There were many clear points in the article that Nestle have continued to ignore. For example, the code says both that formula milk should not be advertised and should be clearly labelled as being for use of infants over 6 months old only. However, this promotional leaflet, as well as being advertising they said they would not participate in, claims it is appropriate for “the first year of life”. This is despite signing up to the code. This also shows it as being advertised as “suitable form birth”. They also sell it in local, shops with no effort to make sure that people have been advised how to use the formula (never mind being told to use it at all) as stated in the code. There is anecdotal evidence of them still giving branded items to hospitals and healthcare professionals. Even in America they some how seemed to think they could advertise juice drinks (which they falsely claimed had no sugar added) as suitable for infants under 2 years old.
Other problems include the fact that mixing breast milk and formula milk massively increases the chance of contracting HIV, breast milk provides better nutrition and immune defence, many people start using formula and can’t afford it any more – however, as they cannot provide breast milk any more they have to mix the formula to weakly or use formula milk not intended for infants. For some 30 years (barring a brief respite when Nestle claimed they would follow the WHO guidelines in 1981) the boycott has been running. And Nestle have shown some degree of progress, but as they are both the market leaders (they have a 40% share) and as they flout the WHO code more than any other company I feel that they still need to have pressure put on them.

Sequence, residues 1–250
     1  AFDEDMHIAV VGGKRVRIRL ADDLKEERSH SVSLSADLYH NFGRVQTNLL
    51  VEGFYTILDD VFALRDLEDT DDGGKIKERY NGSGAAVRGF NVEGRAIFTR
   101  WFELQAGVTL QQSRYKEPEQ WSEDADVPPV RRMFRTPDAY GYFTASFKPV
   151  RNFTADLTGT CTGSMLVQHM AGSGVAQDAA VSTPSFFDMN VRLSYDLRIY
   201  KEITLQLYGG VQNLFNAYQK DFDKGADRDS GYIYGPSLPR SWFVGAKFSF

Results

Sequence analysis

Chocolate production has a well known track record of employing children to harvest coca beans. A panorama report came across two brothers, aged 8 and 11, who were working for a cooperative that supplies Nestle. Companies are quite capable of getting away with this as the production of the cocoa beans is performed in other, normally developing, countries with less human rights laws and with poor people who need money. Nestle continue to either deny claims despite clear evidence or they abdicate any responsibility for what they purchase by saying “the vast majority of cocoa farms are not owned by the companies that make chocolate or supply cocoa and therefore we do not have direct control over coca farming and labour practices”. I would say they could buy their products from someone who doesn’t give kids machetes.
In 2008 Nestle made the ludicrous claim that “Bottled water is the most environmentally responsible consumer product in the world”. Ignoring that fact that they based this claim on lies about how much they recycled, clearly using a tap is better for the environment.
Also, the method of production of palm oil sparked a massive anti-Nestle campaign in 2010 . Palm oil is an ingredient used in many Nestle products, and in 2009 Nestle used some 320,00o tonnes of the stuff. In the process, this destroyed the habitat of orang-utans, a threatened species. Since then Nestle have made some improvement; they have allowed an independent organisation to look at their supply chain and audit it. Of course, some would say that they could start by taking some responsibility for looking at this themselves, and then checking that they had done enough, but something is better than nothing.
If you want more information about Nestle’s malpractices, then KnowMore and Wikipedia are good places to start. Baby milk action (http://info.babymilkaction.org/) has a lot of information regarding formula milk, and the documentary “The Dark Side of Chocolate” is a good place if to start if you want to learn more about the role of child labour in chocolate production.